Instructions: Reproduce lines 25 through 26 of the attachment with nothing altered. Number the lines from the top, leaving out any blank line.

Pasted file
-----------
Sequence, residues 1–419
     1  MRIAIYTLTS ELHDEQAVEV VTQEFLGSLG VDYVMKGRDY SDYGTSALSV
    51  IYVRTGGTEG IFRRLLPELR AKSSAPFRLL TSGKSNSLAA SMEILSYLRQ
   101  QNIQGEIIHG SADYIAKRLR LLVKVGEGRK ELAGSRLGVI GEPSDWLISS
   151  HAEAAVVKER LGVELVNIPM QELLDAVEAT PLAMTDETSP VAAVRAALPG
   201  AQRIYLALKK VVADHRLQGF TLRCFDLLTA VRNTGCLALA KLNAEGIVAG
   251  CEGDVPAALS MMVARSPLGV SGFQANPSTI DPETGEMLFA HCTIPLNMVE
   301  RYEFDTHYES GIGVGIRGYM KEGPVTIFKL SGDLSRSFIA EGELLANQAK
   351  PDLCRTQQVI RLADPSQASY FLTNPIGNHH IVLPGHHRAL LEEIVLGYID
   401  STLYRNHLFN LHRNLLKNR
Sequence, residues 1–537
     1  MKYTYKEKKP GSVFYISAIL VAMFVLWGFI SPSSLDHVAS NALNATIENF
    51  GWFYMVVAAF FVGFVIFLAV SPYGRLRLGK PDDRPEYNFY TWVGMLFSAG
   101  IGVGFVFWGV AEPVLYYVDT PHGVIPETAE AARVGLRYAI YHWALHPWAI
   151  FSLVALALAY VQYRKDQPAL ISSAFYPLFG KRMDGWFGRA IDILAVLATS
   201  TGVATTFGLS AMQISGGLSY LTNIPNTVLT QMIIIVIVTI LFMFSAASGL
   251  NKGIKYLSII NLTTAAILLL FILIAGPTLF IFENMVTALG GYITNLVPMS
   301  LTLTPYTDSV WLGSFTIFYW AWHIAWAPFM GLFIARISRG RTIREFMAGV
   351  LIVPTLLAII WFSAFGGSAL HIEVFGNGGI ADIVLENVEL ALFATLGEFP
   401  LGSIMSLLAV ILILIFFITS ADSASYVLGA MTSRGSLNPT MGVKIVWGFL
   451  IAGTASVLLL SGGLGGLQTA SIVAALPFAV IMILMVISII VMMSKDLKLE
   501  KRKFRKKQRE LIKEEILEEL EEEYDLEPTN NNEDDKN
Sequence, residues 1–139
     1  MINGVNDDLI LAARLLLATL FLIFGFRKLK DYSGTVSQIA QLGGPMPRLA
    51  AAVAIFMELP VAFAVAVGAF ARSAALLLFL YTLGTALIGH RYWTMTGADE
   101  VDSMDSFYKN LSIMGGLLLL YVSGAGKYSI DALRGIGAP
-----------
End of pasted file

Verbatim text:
    51  AAVAIFMELP VAFAVAVGAF ARSAALLLFL YTLGTALIGH RYWTMTGADE
   101  VDSMDSFYKN LSIMGGLLLL YVSGAGKYSI DALRGIGAP